One theory suggested that the pea-sized structure called the habenula was overactive in people with depression, so researchers decided to test that hypothesis.
The investigators scanned the brains of 25 people with depression and 25 people who never had depression while they were shown images associated with receiving or not receiving a shock.
"Surprisingly, we saw the exact opposite of what we predicted," said study senior author Jonathan Roiser.
"In people with depression, habenula activity actually decreased when they thought they would get a shock. This shows that in depressed people the habenula reacts in a fundamentally different way," he explained.
"Although we still don't know how or why this happens, it's clear that the theory needs a rethink," said Roiser. He is a professor at the Institute of Cognitive Neuroscience, University College London.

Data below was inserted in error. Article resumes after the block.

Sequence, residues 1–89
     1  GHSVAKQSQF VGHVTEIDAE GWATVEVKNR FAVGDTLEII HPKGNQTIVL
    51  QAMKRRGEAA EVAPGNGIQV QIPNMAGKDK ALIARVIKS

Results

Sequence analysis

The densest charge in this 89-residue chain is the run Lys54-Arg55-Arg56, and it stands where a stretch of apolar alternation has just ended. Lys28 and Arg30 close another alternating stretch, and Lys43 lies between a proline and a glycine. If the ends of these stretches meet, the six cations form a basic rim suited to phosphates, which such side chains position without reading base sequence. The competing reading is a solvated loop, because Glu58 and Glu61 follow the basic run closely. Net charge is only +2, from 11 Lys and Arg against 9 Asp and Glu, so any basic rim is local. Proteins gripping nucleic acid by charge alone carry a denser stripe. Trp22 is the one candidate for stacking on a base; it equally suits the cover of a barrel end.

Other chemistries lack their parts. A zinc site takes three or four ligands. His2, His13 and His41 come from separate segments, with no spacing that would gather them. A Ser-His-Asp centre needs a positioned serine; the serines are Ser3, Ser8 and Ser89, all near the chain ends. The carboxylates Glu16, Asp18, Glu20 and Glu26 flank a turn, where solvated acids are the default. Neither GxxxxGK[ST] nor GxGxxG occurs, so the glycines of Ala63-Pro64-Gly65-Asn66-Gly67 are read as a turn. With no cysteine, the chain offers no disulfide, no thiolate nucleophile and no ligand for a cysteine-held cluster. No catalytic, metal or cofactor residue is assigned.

Average habenula size was the same in both groups. However, participants in both groups with a smaller habenula were more likely to have a loss of interest or pleasure in life, according to the study published May 31 in the journal Molecular Psychiatry.
"The habenula's role in depression is clearly much more complex than previously thought," lead author Rebecca Lawson, from the Center for Neuroimaging at University College London, said in a university news release.
She added that "one possible explanation is that the habenula may help us to avoid dwelling on unpleasant thoughts or memories, and when this is disrupted you get the excessive negative focus that is common in depression."
The U.S. National Institute of Mental Health has more on depression.
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